Baxter Bark Twice

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Book List

I hated book reports in third grade, and I hate them now. Avail yourself to the links provided to read synopses. Also, if you’re new (welcome!), there’s lots more suggestions if you just keep scrolling down…

Book List (January 13, 2014 – not necessarily recent reads, but recommended ones):

-Night Film by Marisa Pessl (Mystery): a long-awaited second novel that delivers. Critics loved it, and so does the Average Joe/Jane. Check it out.

-Sycamore Row by John Grisham (Mystery): I loved A Time to Kill and this novel features our beloved Jake Brigance.

-One Summer: America, 1927 by Bill Bryson (Non-Fiction): who knew the summer of 1927  could be so interesting?

-Rena’s Promise: A Story of Sisters in Auschwitz (Non-Fiction): one of the most amazing firsthand accounts from the Holocaust I have ever read.

-Dark Places and Sharp Objects by Gillian Flynn (Mysteries): these make Gone Girl seem like a snoozefest. Gillian Flynn and Darren Aronofsky should hang out.

-Wave by Sonali Deraniyagala (Memoir/Non-Fiction): this woman lost literally everything in the 2004 Tsunami – just…wow.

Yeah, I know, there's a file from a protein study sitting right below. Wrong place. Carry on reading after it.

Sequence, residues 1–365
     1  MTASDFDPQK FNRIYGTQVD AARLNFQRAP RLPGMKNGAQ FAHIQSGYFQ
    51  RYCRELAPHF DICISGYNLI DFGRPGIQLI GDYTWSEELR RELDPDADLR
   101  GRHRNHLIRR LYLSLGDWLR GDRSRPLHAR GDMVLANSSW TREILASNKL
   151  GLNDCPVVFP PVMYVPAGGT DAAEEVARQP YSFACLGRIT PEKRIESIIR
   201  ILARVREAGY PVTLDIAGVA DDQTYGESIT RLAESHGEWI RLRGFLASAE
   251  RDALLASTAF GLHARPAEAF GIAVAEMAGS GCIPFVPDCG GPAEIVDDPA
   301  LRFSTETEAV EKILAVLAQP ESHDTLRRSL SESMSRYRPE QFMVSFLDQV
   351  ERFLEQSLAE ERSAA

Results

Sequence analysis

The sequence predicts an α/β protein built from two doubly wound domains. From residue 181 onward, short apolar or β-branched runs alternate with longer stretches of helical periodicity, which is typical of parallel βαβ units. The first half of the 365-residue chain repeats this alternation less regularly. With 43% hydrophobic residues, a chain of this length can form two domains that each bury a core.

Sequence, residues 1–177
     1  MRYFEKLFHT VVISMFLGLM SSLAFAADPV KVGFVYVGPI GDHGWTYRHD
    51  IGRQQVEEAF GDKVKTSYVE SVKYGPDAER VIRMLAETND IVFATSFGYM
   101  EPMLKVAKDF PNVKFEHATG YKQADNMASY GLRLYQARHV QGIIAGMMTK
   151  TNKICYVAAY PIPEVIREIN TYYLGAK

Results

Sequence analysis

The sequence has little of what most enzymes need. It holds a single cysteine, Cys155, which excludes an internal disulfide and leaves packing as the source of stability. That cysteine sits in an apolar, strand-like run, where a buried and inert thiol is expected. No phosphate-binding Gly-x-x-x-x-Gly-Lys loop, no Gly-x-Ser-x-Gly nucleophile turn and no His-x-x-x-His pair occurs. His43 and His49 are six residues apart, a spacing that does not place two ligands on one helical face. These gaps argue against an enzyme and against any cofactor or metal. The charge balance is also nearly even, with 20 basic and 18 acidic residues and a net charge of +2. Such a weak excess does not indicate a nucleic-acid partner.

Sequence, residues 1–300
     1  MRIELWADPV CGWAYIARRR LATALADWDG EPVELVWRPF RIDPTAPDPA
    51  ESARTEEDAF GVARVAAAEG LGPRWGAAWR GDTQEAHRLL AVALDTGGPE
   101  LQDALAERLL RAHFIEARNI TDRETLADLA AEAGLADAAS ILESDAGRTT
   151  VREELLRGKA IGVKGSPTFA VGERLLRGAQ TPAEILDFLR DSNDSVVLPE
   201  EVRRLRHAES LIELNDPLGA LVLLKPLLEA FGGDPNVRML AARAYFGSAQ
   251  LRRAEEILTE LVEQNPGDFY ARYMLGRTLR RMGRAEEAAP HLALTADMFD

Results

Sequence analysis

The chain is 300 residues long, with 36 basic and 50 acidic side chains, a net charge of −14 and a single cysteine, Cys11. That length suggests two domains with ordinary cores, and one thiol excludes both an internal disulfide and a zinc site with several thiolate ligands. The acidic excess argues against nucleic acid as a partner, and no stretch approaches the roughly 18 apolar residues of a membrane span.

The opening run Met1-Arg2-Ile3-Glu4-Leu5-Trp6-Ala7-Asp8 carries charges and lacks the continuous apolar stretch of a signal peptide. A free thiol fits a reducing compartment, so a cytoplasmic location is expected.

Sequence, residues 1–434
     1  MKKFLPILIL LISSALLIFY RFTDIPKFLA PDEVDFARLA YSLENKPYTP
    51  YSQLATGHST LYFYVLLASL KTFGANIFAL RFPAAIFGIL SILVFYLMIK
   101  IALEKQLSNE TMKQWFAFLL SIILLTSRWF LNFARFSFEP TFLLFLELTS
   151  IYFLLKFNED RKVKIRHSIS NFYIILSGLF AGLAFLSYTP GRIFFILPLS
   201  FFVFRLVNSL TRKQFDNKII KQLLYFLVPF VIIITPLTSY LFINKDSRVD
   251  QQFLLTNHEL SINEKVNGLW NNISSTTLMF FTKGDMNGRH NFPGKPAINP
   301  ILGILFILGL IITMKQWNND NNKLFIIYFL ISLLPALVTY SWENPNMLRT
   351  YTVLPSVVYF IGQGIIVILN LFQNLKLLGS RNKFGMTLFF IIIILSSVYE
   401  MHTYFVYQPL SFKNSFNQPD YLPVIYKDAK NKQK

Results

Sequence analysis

-Incendiary: A Novel by Chris Cleave (Literature): this is my favorite of his. He doesn’t use punctuation which is normally a total dealbreaker, but it works – especially in this format (a letter to Osama bin Laden. You really should read this book.)

-New York by Edward Rutherford (Historical Fiction): one of those multi-generational sagas about intertwining characters living in New York, starting in the 1600′s and going thru early 2000′s. Easy but still quality reading with the added bonus of some knowledge.

-The Rosie Project by Graeme Simsion (Fiction): this reminded me of Where’d You Go, Bernadette, and I’m constantly trying to find books that remind me of WYG, B. Set in Australia and narrated by a quirky scientist who’s searching for the perfect wife, it’s a fun/funny read.

Book List (April 3, 2013):

  1. The Smart One by Jennifer Close. Recent release by woman who wrote Girls in White Dresses which I LOVED and highly recommended to all other females. This one is good, too, and I feel like Ms. Close just kind of “gets it” - easy reading/chick lit